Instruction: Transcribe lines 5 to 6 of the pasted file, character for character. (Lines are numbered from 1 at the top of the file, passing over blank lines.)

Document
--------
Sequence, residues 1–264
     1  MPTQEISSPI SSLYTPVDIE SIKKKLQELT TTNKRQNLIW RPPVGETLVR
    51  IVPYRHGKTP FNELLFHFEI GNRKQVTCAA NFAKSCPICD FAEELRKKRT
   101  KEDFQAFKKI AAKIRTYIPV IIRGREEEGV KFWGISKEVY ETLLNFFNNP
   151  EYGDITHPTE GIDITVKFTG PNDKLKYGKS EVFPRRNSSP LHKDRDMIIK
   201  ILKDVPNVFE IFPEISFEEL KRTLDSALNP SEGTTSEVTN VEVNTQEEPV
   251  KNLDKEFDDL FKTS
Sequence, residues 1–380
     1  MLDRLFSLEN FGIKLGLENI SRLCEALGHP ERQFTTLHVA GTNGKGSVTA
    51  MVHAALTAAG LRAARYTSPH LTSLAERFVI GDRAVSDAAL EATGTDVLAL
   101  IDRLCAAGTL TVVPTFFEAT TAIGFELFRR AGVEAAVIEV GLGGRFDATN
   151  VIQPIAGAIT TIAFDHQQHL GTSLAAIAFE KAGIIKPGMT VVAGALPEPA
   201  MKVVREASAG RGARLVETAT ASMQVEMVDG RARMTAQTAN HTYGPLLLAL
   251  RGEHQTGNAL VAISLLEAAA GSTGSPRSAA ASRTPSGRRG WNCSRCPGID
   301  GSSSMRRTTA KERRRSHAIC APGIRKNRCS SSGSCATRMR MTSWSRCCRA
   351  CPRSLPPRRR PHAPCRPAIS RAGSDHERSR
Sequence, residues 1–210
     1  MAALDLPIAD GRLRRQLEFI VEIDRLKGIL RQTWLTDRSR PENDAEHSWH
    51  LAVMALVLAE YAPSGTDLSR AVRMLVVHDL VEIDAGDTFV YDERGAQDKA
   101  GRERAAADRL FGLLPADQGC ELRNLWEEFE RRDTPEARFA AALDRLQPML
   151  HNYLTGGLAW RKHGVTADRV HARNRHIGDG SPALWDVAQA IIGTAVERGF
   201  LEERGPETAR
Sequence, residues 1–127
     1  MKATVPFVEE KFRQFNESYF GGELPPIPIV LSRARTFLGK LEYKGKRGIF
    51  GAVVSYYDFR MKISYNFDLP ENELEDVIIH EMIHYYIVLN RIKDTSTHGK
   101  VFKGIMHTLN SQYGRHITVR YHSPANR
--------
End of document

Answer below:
   151  EYGDITHPTE GIDITVKFTG PNDKLKYGKS EVFPRRNSSP LHKDRDMIIK
   201  ILKDVPNVFE IFPEISFEEL KRTLDSALNP SEGTTSEVTN VEVNTQEEPV